As Bane howled in the distance, Mara, standing on the porch of the cabin she shared with Dixon and the twins, watched the second moon rise. Its light emphasized the cloud cover moving into the area. Likely, it would rain overnight.
Dixon approached from behind, then wrapped his arms around her.
Melting in his embrace, she breathed in his scent of cedar and leather.
“It’s good to be home,” he said, his mouth to her ear.
“Yes.” She turned to face him. “Just in time to leave again.”
He kissed her, slowly, sweetly. Then, “What was all that with Nina?” he asked.
Mara explained the conditions Nina set before she’d leave the compound. “She said I didn’t understand—that I couldn’t understand—because I’ve never had one of my own.” Tears sprang to her eyes.
Releasing his hold, then taking her hand, Dixon guided her to a chair. Sitting next to her, he patted out a rhythm on his thigh. “We’re in uncharted territory here, you know,” he said. “The rules provided a way for us to be together. They never said anything about children. You know that’s what I want.”
Nodding, she met his gaze, then said, “Shortly after the Council hearing, Lucy caught up with me.” When a tear rolled down her cheek, she brushed it away brusquely.
“Oh? Was there something she said that’s troubling you?”
Shrugging, she frowned. “She handed me a packet of barrenseed tea, telling me that she thought I might be needing it. And more recently, she reminded me that I can’t go on using it forever. Soon, its effects will be . . . irreversible.” She choked back a cry.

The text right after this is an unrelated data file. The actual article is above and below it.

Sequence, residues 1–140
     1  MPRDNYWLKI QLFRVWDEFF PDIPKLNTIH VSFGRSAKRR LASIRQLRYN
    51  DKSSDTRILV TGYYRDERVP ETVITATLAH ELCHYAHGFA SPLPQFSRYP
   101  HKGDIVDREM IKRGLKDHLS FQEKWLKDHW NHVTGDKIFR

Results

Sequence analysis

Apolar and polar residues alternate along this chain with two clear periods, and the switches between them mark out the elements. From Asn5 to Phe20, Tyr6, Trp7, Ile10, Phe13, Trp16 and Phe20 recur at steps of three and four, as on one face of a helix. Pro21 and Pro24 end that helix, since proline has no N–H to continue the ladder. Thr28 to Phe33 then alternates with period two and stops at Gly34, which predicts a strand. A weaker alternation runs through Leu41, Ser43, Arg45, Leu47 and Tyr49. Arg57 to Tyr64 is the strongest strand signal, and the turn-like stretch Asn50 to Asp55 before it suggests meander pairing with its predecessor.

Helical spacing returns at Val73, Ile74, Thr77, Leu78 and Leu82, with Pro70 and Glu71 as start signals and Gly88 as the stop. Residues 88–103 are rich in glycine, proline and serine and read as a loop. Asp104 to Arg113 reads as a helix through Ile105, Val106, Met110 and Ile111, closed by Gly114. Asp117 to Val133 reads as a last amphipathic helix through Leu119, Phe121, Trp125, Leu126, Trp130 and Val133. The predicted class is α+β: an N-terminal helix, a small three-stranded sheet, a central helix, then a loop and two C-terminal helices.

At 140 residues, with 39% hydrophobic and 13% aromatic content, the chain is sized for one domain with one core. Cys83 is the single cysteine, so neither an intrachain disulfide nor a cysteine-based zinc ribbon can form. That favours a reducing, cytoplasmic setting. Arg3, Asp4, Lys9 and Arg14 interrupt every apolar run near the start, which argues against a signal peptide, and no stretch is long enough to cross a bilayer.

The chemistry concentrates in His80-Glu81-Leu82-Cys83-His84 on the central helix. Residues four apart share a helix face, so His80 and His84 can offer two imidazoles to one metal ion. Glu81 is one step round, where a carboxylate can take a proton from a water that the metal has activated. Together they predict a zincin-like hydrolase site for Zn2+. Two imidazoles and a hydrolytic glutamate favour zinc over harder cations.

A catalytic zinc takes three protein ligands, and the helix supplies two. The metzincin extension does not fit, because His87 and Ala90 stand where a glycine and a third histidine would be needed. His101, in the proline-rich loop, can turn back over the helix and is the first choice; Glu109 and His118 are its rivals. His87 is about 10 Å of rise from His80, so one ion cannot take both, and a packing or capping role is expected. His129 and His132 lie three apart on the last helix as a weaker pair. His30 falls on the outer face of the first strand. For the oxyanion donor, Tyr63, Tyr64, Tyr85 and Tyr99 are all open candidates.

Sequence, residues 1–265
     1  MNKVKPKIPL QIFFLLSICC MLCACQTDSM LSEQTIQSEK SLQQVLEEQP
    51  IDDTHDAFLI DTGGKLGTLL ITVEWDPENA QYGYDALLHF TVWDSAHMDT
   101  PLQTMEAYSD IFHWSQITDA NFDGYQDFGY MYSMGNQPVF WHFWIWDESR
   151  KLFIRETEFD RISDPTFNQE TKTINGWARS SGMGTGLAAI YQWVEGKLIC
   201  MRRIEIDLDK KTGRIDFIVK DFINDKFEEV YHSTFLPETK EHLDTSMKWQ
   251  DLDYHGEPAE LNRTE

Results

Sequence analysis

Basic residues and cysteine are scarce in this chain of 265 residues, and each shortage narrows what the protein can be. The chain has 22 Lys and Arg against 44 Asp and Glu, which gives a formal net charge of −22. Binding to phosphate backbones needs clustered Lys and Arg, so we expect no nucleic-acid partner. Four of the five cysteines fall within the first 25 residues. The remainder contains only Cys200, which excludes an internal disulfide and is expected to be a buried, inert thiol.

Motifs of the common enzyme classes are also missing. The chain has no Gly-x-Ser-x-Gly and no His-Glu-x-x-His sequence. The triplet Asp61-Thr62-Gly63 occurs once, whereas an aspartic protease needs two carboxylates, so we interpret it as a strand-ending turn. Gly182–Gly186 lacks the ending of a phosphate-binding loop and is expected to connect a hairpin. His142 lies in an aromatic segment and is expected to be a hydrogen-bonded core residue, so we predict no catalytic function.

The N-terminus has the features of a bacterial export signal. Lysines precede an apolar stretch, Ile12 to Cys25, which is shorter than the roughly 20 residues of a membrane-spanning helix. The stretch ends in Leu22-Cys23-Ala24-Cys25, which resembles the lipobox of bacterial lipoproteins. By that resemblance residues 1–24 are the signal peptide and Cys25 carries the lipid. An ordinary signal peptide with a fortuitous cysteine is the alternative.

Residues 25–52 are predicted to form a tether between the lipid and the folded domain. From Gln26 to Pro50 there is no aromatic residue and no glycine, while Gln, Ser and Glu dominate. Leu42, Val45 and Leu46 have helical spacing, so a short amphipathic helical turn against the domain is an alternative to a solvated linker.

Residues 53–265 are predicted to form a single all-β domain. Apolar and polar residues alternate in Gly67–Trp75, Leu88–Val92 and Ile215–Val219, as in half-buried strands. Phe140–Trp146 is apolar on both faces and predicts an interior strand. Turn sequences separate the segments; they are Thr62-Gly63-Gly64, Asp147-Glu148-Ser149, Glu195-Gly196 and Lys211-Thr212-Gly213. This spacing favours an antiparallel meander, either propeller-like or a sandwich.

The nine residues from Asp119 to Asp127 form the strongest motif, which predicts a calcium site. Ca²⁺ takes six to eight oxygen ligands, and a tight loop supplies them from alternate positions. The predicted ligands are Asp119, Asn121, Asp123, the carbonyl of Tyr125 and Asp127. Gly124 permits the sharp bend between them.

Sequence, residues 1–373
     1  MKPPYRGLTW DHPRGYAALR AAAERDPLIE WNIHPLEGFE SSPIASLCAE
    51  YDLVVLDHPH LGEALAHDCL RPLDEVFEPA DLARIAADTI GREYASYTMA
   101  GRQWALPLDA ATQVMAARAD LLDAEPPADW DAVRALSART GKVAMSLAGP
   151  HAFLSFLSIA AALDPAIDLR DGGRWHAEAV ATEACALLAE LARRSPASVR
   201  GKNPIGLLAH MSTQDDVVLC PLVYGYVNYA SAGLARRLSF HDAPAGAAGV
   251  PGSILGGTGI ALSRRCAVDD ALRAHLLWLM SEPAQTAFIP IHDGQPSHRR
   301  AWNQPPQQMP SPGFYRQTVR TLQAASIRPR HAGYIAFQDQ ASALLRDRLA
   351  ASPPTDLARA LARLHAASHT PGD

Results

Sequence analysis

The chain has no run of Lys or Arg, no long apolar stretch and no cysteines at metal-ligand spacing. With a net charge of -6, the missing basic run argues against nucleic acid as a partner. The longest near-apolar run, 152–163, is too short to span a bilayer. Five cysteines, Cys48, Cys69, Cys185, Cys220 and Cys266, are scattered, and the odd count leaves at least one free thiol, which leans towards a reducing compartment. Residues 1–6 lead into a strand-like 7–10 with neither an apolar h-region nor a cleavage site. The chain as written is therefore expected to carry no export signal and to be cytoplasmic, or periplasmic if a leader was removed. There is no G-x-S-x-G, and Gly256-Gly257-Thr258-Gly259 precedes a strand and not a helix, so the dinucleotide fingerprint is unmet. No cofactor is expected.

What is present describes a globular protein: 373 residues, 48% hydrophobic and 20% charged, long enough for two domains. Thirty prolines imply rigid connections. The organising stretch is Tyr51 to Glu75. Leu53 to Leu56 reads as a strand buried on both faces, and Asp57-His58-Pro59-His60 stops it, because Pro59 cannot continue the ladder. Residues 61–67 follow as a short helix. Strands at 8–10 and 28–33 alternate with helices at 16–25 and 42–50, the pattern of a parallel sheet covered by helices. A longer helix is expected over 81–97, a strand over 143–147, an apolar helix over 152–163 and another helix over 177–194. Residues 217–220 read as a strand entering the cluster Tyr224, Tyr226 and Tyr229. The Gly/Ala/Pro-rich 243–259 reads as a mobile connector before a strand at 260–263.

He got on his knees before her. “Mara, you know I want a child, too.” He took her hands. “I say we should do it.”
She sighed. “Dixon, it’s not the right time. I mean—”
“It will never be the right time. Let’s face it, there’s always—”
“No, I mean with Zarek about to invade . . . I think we have to beat back this threat first.”
He sat back down, then resumed patting out a rhythm. “I understand.”
She reached for his hand. “I know it’s what you want, Dixon—and I do too. But these are very dangerous times. It’s one thing to think of protecting the twins now that they’re grown, but quite another to think of protecting an infant. I’m . . .” She looked in his eyes.
“Yes.” She stood and then, still facing him, leaned against the deck railing. “But I’m equally afraid that soon, I’ll have no—” Looking down, she paused. “Well, it’s one thing to choose not to have a child for a time, it’s quite another to have no say in the matter.” A shiver ran through her.
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